Friday, January 02, 2009

Better The Devil You Don't

Hugh Jackman has pulled out of talks to appear in Stephen Soderbergh's Cleo. The film, if it ever happens, is to be a 3D musical, set in the US in the 1920s, based upon the story of Cleopatra and with songs by Guide by Voices. How exciting does that sound?

Why has Jackman done this? Scheduling conflicts, apparently. And the word on the street (well, currently just in the sewers, really) is that Jackman will instead by appearing in another musical - not a film, but on Broadway. He seems to have negotiated himself the lead role in Andre Lloyd Webber's Phantom of the Opera Part 2.

Now, Soderbergh has no history with musicals and Lloyd Webber has much. The "better the devil you know" philosophy would suggest Jackman has done the right thing here, but I'm inclined to not agree.

That argument is daft. Sure, we don't know how Soderbergh will approach a musical - well, not specifically - or how Guided by Voices will handle the form; and sure, we know Lloyd Webber has had some success with the form... but we also know that his muscials are, really, rather dreadful. Evita aside (and I hated the film of that, despite some beautiful cinematography and a few good performances), his shows have had far more substandard numbers than winners.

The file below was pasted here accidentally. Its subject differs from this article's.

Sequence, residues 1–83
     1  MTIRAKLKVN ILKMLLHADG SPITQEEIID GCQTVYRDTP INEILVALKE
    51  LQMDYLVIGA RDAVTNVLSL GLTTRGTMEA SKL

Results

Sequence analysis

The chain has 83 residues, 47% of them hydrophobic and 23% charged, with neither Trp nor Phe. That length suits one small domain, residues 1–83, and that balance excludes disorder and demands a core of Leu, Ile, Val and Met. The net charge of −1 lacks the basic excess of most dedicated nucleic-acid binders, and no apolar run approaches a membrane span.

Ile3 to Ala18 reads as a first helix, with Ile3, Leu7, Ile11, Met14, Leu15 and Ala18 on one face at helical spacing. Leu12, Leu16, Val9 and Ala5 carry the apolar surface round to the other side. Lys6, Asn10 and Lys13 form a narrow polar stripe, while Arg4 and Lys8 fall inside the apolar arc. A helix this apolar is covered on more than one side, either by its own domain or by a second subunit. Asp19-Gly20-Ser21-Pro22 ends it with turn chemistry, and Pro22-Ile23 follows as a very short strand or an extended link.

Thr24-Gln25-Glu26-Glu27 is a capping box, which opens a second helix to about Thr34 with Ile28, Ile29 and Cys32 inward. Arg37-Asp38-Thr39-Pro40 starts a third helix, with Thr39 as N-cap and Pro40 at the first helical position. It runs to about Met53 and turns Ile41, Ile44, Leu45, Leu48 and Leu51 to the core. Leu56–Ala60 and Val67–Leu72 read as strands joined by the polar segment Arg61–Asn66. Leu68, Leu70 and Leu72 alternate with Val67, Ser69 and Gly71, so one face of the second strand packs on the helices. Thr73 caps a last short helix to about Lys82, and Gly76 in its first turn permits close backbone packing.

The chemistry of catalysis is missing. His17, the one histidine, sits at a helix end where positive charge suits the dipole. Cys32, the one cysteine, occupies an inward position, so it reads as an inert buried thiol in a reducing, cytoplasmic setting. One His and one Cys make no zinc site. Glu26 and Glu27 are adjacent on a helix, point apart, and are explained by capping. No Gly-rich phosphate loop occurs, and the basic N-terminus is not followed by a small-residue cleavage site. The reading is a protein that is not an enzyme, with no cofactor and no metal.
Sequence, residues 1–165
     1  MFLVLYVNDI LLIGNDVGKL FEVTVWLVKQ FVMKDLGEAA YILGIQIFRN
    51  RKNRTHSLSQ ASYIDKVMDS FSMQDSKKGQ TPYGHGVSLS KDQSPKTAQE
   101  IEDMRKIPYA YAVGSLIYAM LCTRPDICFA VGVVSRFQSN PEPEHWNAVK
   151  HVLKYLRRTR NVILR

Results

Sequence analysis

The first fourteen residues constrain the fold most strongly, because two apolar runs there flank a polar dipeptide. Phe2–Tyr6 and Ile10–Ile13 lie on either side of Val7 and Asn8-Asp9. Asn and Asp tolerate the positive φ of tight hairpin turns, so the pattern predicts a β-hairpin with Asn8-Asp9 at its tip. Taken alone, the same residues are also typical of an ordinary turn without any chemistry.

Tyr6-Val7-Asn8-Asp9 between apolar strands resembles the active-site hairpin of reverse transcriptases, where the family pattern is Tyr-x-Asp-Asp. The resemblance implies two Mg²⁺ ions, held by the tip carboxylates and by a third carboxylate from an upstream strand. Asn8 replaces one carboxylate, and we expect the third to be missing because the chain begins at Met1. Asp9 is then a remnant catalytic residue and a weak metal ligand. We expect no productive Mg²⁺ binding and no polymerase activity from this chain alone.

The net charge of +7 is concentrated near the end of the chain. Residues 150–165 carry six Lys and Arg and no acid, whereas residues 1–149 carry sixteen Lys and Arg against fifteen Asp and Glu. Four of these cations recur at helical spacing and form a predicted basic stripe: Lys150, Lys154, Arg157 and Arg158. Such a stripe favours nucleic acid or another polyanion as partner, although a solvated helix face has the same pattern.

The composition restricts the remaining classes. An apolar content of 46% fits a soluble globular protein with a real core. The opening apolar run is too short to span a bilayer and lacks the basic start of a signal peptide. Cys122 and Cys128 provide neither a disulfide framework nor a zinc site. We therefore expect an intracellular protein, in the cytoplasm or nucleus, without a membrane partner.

I think a random selection of 5 CDs from the rock and pop section in the local HMV will likely yield a higher ratio of good songs; what's more, I think a random selection of 5 motion pictures from the DVD shelves will uncover, on average, better narrative storytelling than in Lloyd Webber's shows.

I'm disappointed to see Jackman off of the Soderbergh film - I like them both a lot and just yesterday saw and admired both Che films, a couple-few weeks back went a bundle for Jackman in Australia. Should Cleo ever happen - and it might - I hope somebody of a similar calibre to Jackman can be uncovered. No idea who that might be, however.

(And, no - not obvious-ish candidate Gerard Butler because it seems likely he'll be lining up for the Phantom, in the show's simultaneous West End launch).

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